Original Research ARTICLE
Aberrant Scinderin Expression Correlates with Liver Metastasis and Poor Prognosis in Colorectal Cancer
- 1Zhongshan Hospital, Fudan University, China
Many genes and mutations have been reported for colorectal cancer (CRC), however, very few have been associated with colorectal cancer liver metastasis (CRLM). We performed gene expression profiling experiments to identify genetic markers for CRLM and elucidate the molecular mechanisms. Microarray experiments were performed on CRC primary tumor samples with or without liver metastasis using the Affymetrix U133 plus 2.0 Gene Chip Array. A new identified gene-scinderin (SCIN) was over expressed with synchronous liver metastasis at both the RNA level evaluated with quantitative real-time PCR and protein level evaluated with immunohistochemistry, and also with short overall survival analyzed with Kaplan-Meier method. With multivariate analysis indicated that SCIN served as an independent poor prognostic predictor for CRC patients. Disease-free survival was also significantly lower in SCIN overexpressing CRC patients with metachronous liver metastasis. In addition, SCIN knockdown significantly reduced cell proliferation, induced cell cycle arrest and promoted the expression of some cell cycle apoptosis-related protein. Moreover, the DIAPH1, STAT3, CDK2, CDK4 and EGFR levels were down-regulated, whereas CDKN2B and COL4A1 were up-regulated in DLD-1-shSCIN cells by Microarray analysis compared with DLD-1 shCon cells. These findings revealed SCIN may serve as an important predictor of CRLM and poor outcome for CRC patients. SCIN may be a potential therapeutic target in human CRC. However, translation of its roles into clinical practice will require further investigation and additional experimental validation.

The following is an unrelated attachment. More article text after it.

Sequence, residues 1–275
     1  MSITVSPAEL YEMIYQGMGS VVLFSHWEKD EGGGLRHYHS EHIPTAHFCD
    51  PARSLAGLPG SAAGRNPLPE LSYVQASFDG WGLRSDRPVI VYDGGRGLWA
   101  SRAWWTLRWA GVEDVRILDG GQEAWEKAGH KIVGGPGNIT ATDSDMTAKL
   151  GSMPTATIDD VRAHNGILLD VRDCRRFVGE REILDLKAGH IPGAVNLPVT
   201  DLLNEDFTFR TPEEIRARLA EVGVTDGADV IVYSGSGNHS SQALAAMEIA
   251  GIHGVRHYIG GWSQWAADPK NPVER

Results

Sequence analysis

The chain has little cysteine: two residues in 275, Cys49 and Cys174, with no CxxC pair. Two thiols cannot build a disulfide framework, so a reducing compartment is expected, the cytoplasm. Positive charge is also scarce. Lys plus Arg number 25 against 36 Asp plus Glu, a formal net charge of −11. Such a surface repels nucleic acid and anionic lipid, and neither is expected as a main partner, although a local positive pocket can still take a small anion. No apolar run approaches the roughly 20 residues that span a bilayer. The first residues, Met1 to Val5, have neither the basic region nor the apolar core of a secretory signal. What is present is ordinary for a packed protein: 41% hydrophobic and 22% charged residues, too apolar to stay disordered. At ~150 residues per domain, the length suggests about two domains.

Keywords: Scinderin, colorectal cancer, liver metastasis, Genome-Wide Association Study, prognosis
Received: 25 Jan 2019;
Accepted: 13 Sep 2019.
Copyright: © 2019 Lin, Li, Zhu, Niu, Pan, Xu, Ji, Wei and Xu. This is an open-access article distributed under the terms of the Creative Commons Attribution License (CC BY). The use, distribution or reproduction in other forums is permitted, provided the original author(s) and the copyright owner(s) are credited and that the original publication in this journal is cited, in accordance with accepted academic practice. No use, distribution or reproduction is permitted which does not comply with these terms.
* Correspondence: Prof. Jianmin Xu, Zhongshan Hospital, Fudan University, Shanghai, Shanghai Municipality, China, email@example.com